At the same time, the gap between the informed public ‒ defined as college educated, top earning, regular consumers of news media ‒ and the general population in terms of trust has widened considerably with the biggest disparities in the U.S., the U.K. and France.

“People now view media as part of the elite,” said Edelman. “The result is a proclivity for self-referential media and reliance on peers. The lack of trust in media has also given rise to the fake news phenomenon and politicians speaking directly to the masses.”

Trust in traditional media fell 5 points to 57 percent, the steepest decline among media platforms since 2012, followed by social media (41 percent), which dropped three points. By contrast, online-only media (51 percent) received the biggest bump in trust up five percentage points.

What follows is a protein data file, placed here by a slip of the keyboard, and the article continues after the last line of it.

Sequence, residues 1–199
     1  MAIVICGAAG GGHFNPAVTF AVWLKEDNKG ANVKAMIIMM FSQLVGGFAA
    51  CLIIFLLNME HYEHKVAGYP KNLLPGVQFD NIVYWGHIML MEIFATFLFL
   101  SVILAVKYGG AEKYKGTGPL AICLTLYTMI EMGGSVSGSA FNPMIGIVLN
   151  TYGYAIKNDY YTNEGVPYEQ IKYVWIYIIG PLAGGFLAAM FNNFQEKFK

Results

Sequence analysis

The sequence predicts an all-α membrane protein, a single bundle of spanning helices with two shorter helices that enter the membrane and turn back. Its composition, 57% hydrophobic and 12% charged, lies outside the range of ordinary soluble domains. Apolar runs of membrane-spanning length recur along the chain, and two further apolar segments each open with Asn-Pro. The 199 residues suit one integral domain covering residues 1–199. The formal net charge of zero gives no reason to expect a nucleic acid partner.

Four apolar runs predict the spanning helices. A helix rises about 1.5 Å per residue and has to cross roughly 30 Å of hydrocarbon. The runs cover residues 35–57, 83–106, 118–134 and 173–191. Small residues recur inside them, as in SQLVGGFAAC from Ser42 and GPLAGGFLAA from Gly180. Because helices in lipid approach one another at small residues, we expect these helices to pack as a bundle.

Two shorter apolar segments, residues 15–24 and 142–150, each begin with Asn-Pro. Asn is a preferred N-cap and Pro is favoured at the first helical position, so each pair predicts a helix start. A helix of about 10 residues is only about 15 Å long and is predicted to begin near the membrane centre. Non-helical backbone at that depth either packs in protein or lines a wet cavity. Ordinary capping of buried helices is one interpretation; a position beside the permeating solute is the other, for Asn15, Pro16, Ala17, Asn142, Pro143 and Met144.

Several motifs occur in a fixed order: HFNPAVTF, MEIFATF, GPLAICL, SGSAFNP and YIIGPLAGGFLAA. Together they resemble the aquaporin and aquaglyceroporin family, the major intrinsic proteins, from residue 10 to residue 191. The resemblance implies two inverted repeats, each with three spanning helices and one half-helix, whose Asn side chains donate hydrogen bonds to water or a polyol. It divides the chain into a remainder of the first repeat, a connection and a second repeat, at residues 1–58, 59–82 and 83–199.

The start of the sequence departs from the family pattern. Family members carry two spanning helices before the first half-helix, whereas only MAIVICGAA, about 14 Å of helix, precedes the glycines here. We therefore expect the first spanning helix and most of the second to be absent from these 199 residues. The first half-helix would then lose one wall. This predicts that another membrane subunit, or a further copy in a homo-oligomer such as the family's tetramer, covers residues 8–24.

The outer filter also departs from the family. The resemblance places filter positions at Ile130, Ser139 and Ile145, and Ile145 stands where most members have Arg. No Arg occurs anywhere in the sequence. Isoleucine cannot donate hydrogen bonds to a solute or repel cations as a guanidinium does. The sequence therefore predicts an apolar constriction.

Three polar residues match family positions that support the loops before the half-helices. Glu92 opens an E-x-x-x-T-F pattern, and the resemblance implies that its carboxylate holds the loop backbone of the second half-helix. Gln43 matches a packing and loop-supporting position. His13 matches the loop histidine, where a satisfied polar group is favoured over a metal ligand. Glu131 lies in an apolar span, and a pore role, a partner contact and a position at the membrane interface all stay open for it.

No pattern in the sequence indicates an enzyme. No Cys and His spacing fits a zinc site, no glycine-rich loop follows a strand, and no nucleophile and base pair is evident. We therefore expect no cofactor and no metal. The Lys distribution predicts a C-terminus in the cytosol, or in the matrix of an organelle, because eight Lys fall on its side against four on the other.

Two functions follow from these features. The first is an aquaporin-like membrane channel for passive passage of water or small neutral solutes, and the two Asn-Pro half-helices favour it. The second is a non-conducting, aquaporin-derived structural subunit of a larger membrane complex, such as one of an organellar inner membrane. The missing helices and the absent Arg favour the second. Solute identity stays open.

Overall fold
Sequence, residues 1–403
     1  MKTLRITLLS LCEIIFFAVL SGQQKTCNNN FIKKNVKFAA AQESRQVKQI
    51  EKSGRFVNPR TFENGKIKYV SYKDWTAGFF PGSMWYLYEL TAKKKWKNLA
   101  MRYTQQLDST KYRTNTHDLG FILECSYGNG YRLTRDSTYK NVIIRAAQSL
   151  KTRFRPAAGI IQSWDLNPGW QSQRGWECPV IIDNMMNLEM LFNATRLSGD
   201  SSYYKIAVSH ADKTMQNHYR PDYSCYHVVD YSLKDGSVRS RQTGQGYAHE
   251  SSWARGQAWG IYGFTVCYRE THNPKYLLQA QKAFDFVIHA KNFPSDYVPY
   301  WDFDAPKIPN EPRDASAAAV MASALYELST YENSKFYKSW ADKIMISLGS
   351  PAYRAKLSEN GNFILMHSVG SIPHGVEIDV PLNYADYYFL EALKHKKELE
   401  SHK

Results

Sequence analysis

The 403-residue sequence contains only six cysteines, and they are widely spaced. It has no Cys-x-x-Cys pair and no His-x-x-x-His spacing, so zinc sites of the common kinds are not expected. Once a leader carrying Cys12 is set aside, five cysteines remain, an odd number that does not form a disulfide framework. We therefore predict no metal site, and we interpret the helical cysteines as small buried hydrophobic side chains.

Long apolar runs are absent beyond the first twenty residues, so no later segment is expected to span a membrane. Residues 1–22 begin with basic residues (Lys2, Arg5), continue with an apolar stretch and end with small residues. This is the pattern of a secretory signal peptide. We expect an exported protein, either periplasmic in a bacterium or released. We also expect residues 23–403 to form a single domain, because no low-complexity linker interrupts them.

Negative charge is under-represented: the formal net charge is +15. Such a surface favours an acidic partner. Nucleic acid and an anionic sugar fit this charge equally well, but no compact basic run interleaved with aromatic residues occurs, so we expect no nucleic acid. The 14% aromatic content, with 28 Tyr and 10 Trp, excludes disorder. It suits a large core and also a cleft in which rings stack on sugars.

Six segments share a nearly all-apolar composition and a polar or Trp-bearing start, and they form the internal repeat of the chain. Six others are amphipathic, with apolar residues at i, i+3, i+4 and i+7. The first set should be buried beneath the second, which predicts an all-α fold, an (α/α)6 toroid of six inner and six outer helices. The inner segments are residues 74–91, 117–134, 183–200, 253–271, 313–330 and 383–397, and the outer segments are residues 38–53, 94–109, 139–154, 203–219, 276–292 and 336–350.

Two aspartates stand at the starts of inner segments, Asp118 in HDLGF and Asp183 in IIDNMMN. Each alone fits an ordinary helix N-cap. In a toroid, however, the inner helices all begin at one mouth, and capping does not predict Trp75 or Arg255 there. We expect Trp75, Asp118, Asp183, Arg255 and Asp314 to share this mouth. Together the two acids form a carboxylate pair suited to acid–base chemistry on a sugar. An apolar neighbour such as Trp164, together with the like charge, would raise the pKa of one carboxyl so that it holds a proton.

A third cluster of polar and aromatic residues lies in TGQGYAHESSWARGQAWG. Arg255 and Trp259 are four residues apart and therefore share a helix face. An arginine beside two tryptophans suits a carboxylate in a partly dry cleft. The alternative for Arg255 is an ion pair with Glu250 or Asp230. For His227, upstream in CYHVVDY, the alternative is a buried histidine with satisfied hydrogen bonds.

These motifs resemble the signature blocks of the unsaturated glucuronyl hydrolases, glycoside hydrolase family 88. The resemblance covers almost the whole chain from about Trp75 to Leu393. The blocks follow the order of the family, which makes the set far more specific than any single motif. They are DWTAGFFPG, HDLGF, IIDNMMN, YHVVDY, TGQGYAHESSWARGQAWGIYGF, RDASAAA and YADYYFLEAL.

For Edelman the solution is that “media outlets must take a more local and social approach.”

Businesses could make a difference

Although trust in business has dropped in 18 countries to 52 percent overall, the Trust Barometer noted that business is viewed as the only mainstream institution that could make a difference.

About 75 percent of respondents think that a company has the ability to grow profits and improve economic and social conditions in the community where it operates. Especially the respondents who are uncertain whether the current system is working for them trust businesses most.

Still, globally a majority of respondents are concerned that they might lose their job because of the impact of globalization (60 percent), lack of training (60 percent), immigrants who work for less (58 percent), outsourcing of jobs to cheaper countries (55 percent) and automation (54 percent).